"I think it will make a difference, especially for the middle-of-road
and lower-performing students who don't feel that there's any importance
to why they're in school," board member Lina Harper said.
The district is proposing middle schools go to a credit system, where
students would earn five credits for each class passed in seventh and
eighth grade. A student would not receive credit unless he or she earned
a D or better, said Joann Merrick, assistant superintendent of
Middle school students would be required to earn a minimum of 20
credits in English and 20 credits in math. The remaining 60 credits could
be divided among the remaining subjects and electives, with a minimum of
10 credits for each.
The changes would bring more accountability to the system, Merrick
said. Students would be required to earn a minimum of 100 credits to
graduate and a maximum of 120 credits. A student could, theoretically,
fail four classes over two years and still earn 100 credits.
But students could not advance to high school unless they passed all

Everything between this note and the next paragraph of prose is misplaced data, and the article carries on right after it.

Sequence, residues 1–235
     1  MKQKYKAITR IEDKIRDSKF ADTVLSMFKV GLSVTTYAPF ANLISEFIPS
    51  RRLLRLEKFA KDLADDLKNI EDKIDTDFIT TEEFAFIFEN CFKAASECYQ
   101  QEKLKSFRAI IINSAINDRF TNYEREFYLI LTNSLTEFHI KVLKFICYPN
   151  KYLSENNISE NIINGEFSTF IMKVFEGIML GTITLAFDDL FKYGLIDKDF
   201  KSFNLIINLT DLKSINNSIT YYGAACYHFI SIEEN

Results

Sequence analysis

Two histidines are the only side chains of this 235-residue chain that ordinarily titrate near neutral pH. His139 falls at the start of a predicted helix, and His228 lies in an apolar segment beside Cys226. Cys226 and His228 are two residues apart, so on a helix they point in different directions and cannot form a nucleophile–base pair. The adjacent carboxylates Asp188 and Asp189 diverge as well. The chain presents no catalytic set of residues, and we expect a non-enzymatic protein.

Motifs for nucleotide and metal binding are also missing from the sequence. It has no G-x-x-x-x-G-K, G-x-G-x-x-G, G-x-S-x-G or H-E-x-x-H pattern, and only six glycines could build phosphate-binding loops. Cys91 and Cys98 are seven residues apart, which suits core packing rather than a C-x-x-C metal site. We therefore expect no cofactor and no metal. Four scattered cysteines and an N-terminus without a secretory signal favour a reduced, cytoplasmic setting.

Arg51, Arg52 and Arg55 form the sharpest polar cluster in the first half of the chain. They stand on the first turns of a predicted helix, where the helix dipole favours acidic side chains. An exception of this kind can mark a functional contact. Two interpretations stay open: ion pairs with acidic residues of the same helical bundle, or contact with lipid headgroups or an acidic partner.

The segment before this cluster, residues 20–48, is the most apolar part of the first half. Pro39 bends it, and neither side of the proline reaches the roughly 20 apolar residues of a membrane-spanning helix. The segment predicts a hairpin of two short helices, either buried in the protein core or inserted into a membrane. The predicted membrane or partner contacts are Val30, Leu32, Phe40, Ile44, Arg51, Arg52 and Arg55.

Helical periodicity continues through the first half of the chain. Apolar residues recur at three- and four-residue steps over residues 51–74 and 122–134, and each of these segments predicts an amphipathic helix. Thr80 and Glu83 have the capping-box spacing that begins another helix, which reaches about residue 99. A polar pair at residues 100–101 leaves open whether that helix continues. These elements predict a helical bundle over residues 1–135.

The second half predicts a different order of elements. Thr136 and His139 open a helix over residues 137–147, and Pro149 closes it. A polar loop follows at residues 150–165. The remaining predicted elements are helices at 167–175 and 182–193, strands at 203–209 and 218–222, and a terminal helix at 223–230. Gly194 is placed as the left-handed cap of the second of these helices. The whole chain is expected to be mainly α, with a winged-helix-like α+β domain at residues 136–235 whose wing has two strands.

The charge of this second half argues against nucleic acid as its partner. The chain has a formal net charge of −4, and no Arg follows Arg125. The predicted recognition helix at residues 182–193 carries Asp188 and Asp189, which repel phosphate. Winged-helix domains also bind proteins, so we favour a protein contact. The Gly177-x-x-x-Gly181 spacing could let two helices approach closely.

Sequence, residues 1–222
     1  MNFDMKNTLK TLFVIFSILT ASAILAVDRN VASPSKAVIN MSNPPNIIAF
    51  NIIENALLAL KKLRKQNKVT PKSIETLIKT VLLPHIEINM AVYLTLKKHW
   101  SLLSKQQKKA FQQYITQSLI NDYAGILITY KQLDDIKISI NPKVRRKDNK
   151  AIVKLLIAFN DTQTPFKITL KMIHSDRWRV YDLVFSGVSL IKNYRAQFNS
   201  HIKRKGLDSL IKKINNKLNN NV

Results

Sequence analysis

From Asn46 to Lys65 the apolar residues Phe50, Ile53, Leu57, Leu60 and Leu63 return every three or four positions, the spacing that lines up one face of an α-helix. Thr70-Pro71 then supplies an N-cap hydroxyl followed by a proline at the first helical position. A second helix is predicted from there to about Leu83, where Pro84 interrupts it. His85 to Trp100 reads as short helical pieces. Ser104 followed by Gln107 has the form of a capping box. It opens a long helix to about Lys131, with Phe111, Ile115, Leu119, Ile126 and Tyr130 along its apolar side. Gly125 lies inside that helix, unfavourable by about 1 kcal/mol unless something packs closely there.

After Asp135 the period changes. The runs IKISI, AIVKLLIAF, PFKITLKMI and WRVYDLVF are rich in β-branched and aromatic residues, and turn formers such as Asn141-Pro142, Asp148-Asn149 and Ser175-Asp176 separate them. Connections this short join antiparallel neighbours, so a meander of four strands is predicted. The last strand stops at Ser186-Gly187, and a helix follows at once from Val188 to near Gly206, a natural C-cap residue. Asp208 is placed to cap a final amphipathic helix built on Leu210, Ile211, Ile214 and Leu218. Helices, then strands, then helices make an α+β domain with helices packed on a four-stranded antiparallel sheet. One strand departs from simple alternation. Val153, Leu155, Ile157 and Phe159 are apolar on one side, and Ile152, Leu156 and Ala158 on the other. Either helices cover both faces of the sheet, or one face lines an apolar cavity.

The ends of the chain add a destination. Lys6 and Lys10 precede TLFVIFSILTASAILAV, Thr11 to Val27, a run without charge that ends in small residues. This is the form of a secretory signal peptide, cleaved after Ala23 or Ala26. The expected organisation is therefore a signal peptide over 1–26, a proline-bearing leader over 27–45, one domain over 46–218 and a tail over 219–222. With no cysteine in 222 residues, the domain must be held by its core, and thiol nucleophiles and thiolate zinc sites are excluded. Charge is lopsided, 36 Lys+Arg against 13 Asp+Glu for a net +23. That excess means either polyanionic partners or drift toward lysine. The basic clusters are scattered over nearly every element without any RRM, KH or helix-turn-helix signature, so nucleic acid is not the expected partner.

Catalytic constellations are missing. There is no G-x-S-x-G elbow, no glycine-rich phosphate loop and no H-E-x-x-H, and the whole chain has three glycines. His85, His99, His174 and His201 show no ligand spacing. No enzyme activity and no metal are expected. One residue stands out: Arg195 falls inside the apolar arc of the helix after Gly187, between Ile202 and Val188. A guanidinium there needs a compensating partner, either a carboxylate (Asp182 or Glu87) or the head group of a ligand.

their English and math requirements, Merrick said.
The board is expected to pass the new requirements at its May 16
Under the current system, students receive grades for each class. It
is possible for students to fail in certain classes and still advance to
high school, Merrick said. Students who fail classes are not allowed to
attend middle school graduation ceremonies.
Deputy Supt. of Educational Services Don Empey said students failing
math and English presently are required to attend School Year Plus, a
summer remedial program. After summer school, students who still haven't
met grade-level standards remain in middle school for another year.
Another option for failing students is to enter a program called
Bridge. The program allows students to take two periods of math and two
periods of English on a high school campus, but he or she are not
considered high school students until they complete their middle school
requirements, Empey said.